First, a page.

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Opening Statement and Direct Examination
Transcript of Opening Statement and Direct Examination
Jacob C. Walbourn
Who am I?
Graduate of Larry A. Ryle High School, Union, KY (May 2003)
BBA, Management and Marketing, Gatton College of Business and Economics, University of Kentucky (December 2006)
JD, University of Tennessee (May 2010)
Admitted to Practice of Law in Kentucky (October 2010)
Assistant Director, e-Warrants Rural Implementation Project - Office of the Attorney General (2010-2012)
Attorney - Lexington-Fayette Urban County Government (2012-2013)
Assistant Attorney General - Office of Civil and Environmental Law (2013-2015)
Associate - McBrayer, McGinnis, Leslie & Kirkland, PLLC (2015-Present)
What do I do?
- Planning and Zoning
Obtain governmental approvals for development proposals
Zone changes, variances, development plans
Cell tower regulation
- Other miscellaneous areas
“Governmental” – Open Records, other matters
-Auto accidents, general negligence
42 U.S.C. §1983 actions
Constitutional claims against police, prosecutors, judges
-Eminent Domain/Inverse condemnation
Where have I been?
-Sixth Circuit Court of Appeals (Cincinnati)
-Hamilton County (OH) Probate
Effective Litigation Strategies
This class focuses on trial techniques, so we’ll focus on that
-Typically goal should be to avoid trial
-Rule 12(b)(6) Motions to Dismiss
-Rule 56 Motions for Summary Judgment
-Motion to dismiss or plea bargain
What is an Opening Statement?
Over the last several years, the scope of statements made during opening remarks has expanded considerably. The purpose of opening statement is to outline for the jury what the proponent expects his proof to be.
Fields v. Commonwealth
, 12 S.W.3d 275, 281 (Ky.2000) (“The only legitimate purpose of an opening statement is so to explain to the jury the issue they are to try that they may understand the bearing of the evidence to be introduced.”);
Co–De Coal Co. v. Combs
, 325 S.W.2d 78, 79 (Ky.1959) (“An opening statement of counsel is prefatory to introducing evidence. Its purpose or function is merely to inform the judge and the jury in a general way of the nature of the case and the issues involved, particularly to outline what the attorney's client expects to prove.”). In aid of that, charts, photographs and other demonstrative materials are used to explain the proposed testimony.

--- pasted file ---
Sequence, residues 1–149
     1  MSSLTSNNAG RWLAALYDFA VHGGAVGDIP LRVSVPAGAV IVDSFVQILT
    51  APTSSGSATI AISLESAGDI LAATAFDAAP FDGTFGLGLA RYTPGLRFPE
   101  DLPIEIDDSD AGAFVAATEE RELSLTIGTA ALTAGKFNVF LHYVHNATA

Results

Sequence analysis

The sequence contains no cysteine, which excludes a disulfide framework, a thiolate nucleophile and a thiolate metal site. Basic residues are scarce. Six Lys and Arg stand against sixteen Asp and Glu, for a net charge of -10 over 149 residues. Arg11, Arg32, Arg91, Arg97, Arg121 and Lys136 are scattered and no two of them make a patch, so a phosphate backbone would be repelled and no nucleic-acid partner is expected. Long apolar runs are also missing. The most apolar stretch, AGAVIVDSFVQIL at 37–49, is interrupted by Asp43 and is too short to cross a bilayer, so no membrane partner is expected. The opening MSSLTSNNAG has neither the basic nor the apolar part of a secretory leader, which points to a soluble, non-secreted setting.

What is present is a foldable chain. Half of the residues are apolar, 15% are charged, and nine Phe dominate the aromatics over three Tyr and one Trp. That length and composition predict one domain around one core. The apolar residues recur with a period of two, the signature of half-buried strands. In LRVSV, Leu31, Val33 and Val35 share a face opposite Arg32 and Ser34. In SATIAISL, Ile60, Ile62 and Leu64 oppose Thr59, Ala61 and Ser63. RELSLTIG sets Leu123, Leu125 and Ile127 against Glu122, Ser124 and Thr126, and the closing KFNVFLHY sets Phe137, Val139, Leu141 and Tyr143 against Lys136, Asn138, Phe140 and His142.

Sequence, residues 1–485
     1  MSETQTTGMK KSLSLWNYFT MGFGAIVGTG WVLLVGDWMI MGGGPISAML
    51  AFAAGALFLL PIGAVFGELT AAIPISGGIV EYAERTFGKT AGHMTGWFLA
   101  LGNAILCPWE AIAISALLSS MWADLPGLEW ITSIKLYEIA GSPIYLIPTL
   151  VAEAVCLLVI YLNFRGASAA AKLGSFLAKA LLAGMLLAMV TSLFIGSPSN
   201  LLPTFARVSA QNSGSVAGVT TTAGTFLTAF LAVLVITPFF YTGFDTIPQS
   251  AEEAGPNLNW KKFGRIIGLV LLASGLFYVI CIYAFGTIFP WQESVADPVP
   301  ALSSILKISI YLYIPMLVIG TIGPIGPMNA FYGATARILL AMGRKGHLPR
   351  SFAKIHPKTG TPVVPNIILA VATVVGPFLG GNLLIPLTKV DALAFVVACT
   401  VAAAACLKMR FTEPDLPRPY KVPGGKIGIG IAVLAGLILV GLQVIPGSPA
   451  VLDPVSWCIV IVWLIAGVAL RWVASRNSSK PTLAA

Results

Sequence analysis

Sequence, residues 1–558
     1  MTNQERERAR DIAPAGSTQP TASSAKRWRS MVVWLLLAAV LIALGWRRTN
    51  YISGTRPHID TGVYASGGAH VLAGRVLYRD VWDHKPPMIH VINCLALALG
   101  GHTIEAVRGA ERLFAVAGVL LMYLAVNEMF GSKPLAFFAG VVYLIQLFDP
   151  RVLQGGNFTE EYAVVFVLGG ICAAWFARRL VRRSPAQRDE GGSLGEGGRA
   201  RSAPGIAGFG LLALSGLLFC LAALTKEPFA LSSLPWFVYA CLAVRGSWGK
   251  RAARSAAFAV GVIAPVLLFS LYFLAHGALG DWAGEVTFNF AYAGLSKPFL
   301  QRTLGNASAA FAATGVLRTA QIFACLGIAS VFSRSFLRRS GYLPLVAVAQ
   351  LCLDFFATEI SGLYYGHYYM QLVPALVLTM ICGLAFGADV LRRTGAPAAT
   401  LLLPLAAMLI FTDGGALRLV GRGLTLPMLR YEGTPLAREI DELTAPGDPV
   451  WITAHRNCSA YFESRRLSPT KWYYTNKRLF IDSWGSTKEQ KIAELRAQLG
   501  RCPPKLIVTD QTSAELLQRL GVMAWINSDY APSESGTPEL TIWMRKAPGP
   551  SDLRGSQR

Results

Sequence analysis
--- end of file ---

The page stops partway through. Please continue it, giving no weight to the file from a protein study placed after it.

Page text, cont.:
Parker v. Commonwealth
, 241 S.W.3d 805, 808 (Ky. 2007)
“Explain to the jury the issue they are to try”
-What is this case about? What is the jury’s role?
“Outline what the attorney's client expects to prove”
-What evidence will you be putting on?
-What witnesses will you call?
-What is your burden of proof?
“In aid of that, charts, photographs and other demonstrative materials are used”
-People remember 15% of what they hear, 85% of what they see
BEFORE you even start to draft, consider:
Which side am I on?
Plaintiff/prosecutor goes first, defense goes second
- If I’m first, I set the tone (*except voir dire)
- If I’m second, I have an opportunity to rebut and/or to establish my affirmative defense
Who am I talking to?
Bench trial, jury trial, arbitration?
- Judges/arbitrators need less instruction/more familiar with standards (with exceptions)
- Juries may be intimidated, less educated on law, views colored by their past experience
Affirmative defenses = burden shifting
-Affirmative defenses must be proven by the
What are some affirmative defenses?
-Statute of limitations
Opening statements are your first opportunity to connect with trier of fact
Juries will be at their most attentive at this point
Jurors may, consciously or unconsciously, pick which side they think is more credible/“good guy” at this stage
- Particularly in civil trials where “good guy/bad guy” distinction is less obvious
- That presumption may be hard to overcome
What is your blueprint for success?
Type of case
- What do I/they have to prove? (Elements)
Burden of proof
- Civil: Preponderance
- Criminal: Beyond reasonable doubt
Determine important from extraneous
Which facts should the jury focus on?
- Who should the jury pay attention to?
- What red herrings are out there?
Juries appreciate honesty and genuineness
"Take the sting out" of bad facts
Argument is not allowed in opening statements – just supposed to be a preview of a case
This doesn’t mean you can’t engage in some level of argument.
EXAMPLE: “While Appellant may find the prosecutor's characterization of his defense theory as “stupid” rather harsh…”
Stopher v. Commonwealth
, 57 S.W.3d 787, 806 (Ky. 2001), as amended (Aug. 15, 2001).
Talk too long/short (or read from a paper)
Don't want to minimize your case
Don't want to lose the jury's interest
Try to be Perry Mason (Matlock? McCoy?)
You aren't a TV lawyer
You need to approach the case with the levity it calls for
A note on TV/movies...
A Time to Kill (1996)
12 Angry Men (1957)
A Few Good Men (1992)
My Cousin Vinny (1992)
Liar Liar (1997)
To Kill A Mockingbird (1962)